Excess Returns on Emerging Market Bonds and the Framework for Sovereign Debt Restructuring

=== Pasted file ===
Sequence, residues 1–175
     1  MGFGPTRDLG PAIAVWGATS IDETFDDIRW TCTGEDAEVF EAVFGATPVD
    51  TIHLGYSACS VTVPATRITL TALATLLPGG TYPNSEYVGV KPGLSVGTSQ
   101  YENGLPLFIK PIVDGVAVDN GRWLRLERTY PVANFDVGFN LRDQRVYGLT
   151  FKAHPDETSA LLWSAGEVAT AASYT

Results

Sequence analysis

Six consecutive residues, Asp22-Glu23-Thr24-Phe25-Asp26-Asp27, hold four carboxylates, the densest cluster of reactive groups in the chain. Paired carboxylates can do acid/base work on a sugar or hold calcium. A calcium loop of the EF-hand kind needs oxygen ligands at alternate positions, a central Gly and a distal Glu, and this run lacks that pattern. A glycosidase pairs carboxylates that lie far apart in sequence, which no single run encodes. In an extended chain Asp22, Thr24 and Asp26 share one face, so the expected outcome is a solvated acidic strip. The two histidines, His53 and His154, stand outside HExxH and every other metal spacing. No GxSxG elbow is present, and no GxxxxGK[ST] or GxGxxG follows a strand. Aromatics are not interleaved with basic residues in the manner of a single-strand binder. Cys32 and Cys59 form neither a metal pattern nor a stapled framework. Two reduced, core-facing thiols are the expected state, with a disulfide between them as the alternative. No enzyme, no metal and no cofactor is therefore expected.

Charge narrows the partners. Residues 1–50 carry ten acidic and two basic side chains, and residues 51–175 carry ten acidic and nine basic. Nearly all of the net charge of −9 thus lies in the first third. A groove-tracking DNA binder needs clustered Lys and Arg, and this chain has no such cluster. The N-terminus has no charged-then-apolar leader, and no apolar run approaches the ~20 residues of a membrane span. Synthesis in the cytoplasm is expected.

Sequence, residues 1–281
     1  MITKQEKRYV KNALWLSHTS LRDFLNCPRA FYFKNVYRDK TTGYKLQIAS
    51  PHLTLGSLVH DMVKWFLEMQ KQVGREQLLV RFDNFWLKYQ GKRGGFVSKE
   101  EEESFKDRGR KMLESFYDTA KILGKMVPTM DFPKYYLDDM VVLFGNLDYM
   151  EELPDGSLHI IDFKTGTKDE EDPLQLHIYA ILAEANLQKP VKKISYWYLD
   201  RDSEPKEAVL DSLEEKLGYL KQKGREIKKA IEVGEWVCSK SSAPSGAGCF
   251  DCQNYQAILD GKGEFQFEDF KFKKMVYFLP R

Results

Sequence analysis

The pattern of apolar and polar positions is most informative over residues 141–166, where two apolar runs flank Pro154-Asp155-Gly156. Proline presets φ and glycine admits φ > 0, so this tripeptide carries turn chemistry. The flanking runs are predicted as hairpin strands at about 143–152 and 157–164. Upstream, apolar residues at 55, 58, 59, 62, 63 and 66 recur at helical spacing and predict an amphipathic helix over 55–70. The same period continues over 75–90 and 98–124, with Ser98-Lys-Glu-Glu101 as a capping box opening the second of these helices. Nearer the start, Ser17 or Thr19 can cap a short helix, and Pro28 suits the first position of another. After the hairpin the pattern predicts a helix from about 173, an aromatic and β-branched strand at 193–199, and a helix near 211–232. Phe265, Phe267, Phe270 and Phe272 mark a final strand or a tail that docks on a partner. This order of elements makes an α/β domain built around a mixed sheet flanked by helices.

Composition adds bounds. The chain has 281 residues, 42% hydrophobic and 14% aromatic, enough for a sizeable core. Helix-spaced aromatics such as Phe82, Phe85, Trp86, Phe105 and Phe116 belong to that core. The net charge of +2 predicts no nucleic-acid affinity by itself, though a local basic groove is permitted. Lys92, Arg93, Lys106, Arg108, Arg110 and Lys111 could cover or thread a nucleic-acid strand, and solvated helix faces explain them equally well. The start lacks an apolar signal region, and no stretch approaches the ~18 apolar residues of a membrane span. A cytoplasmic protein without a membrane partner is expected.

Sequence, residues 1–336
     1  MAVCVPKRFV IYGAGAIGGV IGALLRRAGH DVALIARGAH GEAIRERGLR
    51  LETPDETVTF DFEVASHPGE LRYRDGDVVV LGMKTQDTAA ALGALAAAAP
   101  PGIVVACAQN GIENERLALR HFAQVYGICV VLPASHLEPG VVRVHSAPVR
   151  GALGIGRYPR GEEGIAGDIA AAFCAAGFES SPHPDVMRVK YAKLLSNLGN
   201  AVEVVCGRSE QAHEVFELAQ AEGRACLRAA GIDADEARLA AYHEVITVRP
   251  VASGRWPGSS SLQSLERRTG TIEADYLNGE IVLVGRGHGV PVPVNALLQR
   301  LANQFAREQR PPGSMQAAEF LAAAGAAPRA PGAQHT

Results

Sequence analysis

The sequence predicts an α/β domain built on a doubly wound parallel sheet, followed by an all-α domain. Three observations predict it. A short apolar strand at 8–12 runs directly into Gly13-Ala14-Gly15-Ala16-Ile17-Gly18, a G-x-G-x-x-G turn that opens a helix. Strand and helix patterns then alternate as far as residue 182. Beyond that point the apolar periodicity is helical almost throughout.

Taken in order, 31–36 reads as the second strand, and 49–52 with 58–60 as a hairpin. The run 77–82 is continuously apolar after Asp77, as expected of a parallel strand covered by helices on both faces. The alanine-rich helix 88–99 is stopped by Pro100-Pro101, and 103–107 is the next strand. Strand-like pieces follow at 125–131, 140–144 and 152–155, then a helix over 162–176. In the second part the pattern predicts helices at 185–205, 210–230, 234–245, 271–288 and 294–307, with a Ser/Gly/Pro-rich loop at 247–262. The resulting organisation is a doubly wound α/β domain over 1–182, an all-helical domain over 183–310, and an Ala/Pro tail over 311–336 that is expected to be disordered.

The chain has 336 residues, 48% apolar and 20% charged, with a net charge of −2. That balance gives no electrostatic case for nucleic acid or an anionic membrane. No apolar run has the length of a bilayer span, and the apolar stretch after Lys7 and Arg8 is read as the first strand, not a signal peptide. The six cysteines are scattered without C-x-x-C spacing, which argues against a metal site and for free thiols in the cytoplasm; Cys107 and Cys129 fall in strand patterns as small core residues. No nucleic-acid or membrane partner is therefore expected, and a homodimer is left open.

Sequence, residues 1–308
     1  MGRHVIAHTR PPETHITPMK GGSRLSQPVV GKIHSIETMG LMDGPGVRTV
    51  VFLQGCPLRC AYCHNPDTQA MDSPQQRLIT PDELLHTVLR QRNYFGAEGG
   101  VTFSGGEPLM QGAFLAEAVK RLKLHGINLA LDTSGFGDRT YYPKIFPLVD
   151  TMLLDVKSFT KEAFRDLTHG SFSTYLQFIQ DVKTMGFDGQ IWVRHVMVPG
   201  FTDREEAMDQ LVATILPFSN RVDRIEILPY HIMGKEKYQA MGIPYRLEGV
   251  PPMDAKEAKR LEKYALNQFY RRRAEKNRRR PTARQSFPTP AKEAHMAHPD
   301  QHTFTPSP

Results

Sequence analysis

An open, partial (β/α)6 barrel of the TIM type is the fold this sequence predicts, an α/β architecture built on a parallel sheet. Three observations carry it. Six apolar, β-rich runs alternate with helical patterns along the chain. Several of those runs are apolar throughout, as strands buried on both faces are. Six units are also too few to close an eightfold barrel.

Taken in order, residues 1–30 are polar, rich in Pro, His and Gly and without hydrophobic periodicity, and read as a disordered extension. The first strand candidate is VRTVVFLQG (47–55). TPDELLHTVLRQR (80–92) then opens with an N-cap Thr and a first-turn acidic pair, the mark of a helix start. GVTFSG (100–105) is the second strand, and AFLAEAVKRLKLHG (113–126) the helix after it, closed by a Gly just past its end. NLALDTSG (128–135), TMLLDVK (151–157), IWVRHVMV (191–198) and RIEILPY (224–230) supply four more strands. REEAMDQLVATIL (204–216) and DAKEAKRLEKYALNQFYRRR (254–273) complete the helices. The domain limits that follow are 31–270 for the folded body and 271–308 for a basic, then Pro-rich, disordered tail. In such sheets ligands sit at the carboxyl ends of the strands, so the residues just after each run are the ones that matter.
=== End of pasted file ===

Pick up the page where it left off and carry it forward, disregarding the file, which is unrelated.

This chapter looks at the debt restructurings during the period in the context of the development of the overall international market for bonds issued by developing (or emerging market) countries. It assesses the outcome of the international process for sovereign debt workouts, not by analyzing traditional debt ratios and debt sustainability models, but by looking at the flipside: how much creditors were able to recover on their investments when restructurings took place, and how the debt workout process affected risk sharing between the debtor and its creditors. The chapter starts by observing that—with a few notable exceptions (such as Argentina and Russia, discussed below)—most of the restructurings during this period were considered successful because the processes were relatively quick and orderly. However, few of these agreements actually reduced the countries' debt burdens to a significant degree. It finds a marked difference between the cooperative and non‐cooperative debt workout cases.
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